New guidance on emergency settings care for children
New guidance from the Royal College of Paediatrics and Child Health (RCPCH) sets out minimum standards for the care and treatment of children and young people in emergency care settings. The guidance – an updated version of the ‘red book’ – is aimed at healthcare professionals, providers, service planners and commissioners. The standards are designed to improve the experience and outcomes of children and young people who require urgent and emergency care. In doing so they provide a valuable insight into the real life consequences of childhood injury, while also highlighting the importance of information and prevention.
The guidance emphasises the importance of injury prevention and says:
“Injuries are the most common cause of death and preventable morbidity in the population below the age of approximately 30 years. Injury prevention is one of the least well researched, and underdeveloped elements of children’s services. Knowledge of the epidemiology of injury is critical to prevention. Information about accidents in the local area should be available from the emergency department database, and can be used to inform local government policy, the media, and the police, within the limits of patient confidentiality.”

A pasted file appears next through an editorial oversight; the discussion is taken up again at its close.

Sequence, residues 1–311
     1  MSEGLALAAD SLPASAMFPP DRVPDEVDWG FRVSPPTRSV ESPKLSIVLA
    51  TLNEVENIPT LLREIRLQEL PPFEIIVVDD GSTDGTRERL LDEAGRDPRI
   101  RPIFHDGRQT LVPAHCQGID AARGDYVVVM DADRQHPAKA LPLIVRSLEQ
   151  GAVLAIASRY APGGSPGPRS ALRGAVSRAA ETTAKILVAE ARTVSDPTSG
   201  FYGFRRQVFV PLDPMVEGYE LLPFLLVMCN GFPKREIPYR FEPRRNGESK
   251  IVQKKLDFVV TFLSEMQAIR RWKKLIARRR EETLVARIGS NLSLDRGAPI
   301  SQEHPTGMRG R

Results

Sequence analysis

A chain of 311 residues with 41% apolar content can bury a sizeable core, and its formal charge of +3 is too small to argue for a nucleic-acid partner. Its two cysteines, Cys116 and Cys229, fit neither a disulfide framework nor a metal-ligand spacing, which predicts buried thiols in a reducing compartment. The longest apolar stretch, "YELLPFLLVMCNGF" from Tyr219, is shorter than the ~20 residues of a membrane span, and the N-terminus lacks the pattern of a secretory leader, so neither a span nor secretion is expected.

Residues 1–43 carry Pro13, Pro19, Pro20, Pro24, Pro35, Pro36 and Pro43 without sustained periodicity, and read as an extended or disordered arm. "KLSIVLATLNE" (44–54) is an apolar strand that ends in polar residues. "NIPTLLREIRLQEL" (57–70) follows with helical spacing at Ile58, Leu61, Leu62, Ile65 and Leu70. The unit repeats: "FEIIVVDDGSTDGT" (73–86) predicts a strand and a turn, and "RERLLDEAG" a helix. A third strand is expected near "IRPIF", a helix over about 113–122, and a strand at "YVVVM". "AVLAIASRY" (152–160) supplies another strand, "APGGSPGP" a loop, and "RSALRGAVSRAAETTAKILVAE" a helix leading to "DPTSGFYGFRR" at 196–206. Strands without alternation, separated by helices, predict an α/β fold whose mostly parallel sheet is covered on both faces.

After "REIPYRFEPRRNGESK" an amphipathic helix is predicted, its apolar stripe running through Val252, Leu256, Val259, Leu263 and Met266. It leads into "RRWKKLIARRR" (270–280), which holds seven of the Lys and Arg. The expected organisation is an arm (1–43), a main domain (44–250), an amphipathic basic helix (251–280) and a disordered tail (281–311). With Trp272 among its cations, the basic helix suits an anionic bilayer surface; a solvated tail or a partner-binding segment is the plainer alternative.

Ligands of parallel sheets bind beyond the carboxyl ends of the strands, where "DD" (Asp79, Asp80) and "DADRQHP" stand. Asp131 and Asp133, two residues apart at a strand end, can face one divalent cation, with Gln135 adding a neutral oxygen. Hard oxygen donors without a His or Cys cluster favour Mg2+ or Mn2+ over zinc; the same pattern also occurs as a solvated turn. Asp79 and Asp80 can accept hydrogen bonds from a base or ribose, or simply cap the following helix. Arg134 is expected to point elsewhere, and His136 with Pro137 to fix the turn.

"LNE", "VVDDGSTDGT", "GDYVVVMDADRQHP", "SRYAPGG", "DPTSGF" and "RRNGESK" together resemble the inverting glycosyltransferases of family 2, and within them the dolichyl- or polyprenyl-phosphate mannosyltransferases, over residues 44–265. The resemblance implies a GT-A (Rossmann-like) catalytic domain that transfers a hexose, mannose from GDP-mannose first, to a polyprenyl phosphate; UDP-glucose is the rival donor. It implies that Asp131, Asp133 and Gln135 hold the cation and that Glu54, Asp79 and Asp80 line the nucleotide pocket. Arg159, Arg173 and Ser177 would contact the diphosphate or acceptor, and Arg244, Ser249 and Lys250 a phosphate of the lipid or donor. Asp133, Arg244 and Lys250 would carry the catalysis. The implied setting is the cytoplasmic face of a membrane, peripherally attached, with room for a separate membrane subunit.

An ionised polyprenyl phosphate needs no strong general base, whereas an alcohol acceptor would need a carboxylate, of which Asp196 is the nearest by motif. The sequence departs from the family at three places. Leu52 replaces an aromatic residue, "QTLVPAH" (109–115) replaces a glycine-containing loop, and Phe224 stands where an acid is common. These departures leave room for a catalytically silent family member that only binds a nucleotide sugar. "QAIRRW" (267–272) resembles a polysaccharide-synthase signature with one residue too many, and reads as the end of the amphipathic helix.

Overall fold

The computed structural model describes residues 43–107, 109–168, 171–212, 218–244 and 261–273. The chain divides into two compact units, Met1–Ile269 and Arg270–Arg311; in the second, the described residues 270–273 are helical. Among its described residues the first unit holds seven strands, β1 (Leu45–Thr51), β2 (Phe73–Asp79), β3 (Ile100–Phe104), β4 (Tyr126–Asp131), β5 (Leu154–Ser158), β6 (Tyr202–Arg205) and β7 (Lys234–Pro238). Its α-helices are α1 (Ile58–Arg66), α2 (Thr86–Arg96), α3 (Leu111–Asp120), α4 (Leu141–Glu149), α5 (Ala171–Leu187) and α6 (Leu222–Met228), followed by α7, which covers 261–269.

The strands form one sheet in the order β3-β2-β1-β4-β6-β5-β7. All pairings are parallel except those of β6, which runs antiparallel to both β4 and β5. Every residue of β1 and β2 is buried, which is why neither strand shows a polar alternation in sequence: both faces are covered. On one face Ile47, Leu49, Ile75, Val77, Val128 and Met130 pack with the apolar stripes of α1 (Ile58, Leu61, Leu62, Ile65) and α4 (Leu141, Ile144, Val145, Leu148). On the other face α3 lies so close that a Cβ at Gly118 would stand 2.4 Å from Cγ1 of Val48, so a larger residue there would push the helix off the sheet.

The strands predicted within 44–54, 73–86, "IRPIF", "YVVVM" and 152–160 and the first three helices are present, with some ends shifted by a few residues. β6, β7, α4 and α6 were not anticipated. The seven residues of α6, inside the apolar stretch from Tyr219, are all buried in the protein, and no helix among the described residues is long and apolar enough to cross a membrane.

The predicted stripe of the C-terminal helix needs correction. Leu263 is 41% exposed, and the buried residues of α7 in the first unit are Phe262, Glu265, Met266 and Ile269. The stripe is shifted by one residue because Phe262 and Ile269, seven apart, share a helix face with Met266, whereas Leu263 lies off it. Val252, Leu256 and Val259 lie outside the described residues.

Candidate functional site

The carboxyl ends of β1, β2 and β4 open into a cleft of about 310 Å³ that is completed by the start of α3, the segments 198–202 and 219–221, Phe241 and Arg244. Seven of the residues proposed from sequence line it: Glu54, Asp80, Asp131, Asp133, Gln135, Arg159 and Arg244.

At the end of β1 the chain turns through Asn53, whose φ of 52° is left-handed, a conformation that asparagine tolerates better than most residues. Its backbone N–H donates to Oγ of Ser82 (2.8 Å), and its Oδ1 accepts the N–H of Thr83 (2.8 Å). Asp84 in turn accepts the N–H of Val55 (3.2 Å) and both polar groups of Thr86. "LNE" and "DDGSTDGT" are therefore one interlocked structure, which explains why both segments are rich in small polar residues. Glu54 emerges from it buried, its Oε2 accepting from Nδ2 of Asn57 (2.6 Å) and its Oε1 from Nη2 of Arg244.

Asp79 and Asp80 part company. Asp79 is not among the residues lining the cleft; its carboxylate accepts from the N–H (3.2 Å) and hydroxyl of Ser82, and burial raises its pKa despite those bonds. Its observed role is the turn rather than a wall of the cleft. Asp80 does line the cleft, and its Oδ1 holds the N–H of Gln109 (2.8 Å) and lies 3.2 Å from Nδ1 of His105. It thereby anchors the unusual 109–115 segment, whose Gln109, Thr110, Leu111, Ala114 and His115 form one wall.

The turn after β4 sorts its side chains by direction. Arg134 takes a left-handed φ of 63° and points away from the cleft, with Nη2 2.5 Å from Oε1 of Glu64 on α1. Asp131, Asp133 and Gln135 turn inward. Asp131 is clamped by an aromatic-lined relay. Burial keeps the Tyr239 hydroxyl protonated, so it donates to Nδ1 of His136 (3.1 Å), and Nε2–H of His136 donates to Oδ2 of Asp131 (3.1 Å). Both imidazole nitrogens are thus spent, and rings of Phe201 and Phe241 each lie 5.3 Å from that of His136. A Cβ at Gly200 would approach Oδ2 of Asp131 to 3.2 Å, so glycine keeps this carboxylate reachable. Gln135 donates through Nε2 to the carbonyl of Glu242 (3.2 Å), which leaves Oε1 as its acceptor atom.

Standards for children
The complete list of standards for children and young people in emergency care settings includes key steps and guidance such as:
- Making sure that all urgent care attendances in children and young people are notified to the primary care team – ideally both GP and health visitor/school nurse
- Setting out safeguarding roles, and lead responsibilities
- Having systems in place to identify frequent attenders
- Appointing a liaison health worker to improve access to information, education and clinical expertise
- Ensuring that injury surveillance data is collected and accessible
- Being aware of services available locally for children to help avoid admissions
There is also information on the death of a child, recognising that the sudden and unexpected death of a child or young person can have a devastating effect on the family and is challenging for all involved.
Download the standards
Standards for Children and Young People in Emergency Care Settings can be downloaded below:
The physical reality and experience of childhood injury, including factors causing additional distress such as fear of an unfamiliar environment and people, is highlighted in the College of Emergency Medicine’s Guidelines for the management of pain in children.
Download the Guidelines from the :